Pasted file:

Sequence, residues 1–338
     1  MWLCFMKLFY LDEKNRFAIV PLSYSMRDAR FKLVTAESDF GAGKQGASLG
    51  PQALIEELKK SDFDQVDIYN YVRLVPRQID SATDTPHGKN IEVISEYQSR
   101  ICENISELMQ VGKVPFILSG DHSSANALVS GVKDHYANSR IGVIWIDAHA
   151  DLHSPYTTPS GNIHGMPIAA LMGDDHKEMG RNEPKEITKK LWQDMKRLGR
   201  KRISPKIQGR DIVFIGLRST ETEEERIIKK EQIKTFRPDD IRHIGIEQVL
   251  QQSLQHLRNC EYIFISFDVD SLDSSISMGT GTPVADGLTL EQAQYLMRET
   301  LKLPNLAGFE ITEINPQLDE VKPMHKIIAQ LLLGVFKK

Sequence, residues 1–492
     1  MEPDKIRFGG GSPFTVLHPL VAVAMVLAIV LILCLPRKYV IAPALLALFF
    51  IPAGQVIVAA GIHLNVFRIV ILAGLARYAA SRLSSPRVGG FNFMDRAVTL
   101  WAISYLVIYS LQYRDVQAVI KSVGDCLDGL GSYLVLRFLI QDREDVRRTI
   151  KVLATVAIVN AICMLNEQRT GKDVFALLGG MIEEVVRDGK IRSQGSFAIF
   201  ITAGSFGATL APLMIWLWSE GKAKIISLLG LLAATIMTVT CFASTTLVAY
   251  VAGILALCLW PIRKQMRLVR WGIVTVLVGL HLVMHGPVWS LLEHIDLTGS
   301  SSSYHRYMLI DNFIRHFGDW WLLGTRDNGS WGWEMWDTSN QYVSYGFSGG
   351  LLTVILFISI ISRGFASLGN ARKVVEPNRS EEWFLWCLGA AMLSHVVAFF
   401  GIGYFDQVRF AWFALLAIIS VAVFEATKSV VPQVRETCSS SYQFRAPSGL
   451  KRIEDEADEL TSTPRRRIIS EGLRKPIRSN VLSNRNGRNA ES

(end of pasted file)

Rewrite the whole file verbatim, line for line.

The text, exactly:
Sequence, residues 1–338
     1  MWLCFMKLFY LDEKNRFAIV PLSYSMRDAR FKLVTAESDF GAGKQGASLG
    51  PQALIEELKK SDFDQVDIYN YVRLVPRQID SATDTPHGKN IEVISEYQSR
   101  ICENISELMQ VGKVPFILSG DHSSANALVS GVKDHYANSR IGVIWIDAHA
   151  DLHSPYTTPS GNIHGMPIAA LMGDDHKEMG RNEPKEITKK LWQDMKRLGR
   201  KRISPKIQGR DIVFIGLRST ETEEERIIKK EQIKTFRPDD IRHIGIEQVL
   251  QQSLQHLRNC EYIFISFDVD SLDSSISMGT GTPVADGLTL EQAQYLMRET
   301  LKLPNLAGFE ITEINPQLDE VKPMHKIIAQ LLLGVFKK

Sequence, residues 1–492
     1  MEPDKIRFGG GSPFTVLHPL VAVAMVLAIV LILCLPRKYV IAPALLALFF
    51  IPAGQVIVAA GIHLNVFRIV ILAGLARYAA SRLSSPRVGG FNFMDRAVTL
   101  WAISYLVIYS LQYRDVQAVI KSVGDCLDGL GSYLVLRFLI QDREDVRRTI
   151  KVLATVAIVN AICMLNEQRT GKDVFALLGG MIEEVVRDGK IRSQGSFAIF
   201  ITAGSFGATL APLMIWLWSE GKAKIISLLG LLAATIMTVT CFASTTLVAY
   251  VAGILALCLW PIRKQMRLVR WGIVTVLVGL HLVMHGPVWS LLEHIDLTGS
   301  SSSYHRYMLI DNFIRHFGDW WLLGTRDNGS WGWEMWDTSN QYVSYGFSGG
   351  LLTVILFISI ISRGFASLGN ARKVVEPNRS EEWFLWCLGA AMLSHVVAFF
   401  GIGYFDQVRF AWFALLAIIS VAVFEATKSV VPQVRETCSS SYQFRAPSGL
   451  KRIEDEADEL TSTPRRRIIS EGLRKPIRSN VLSNRNGRNA ES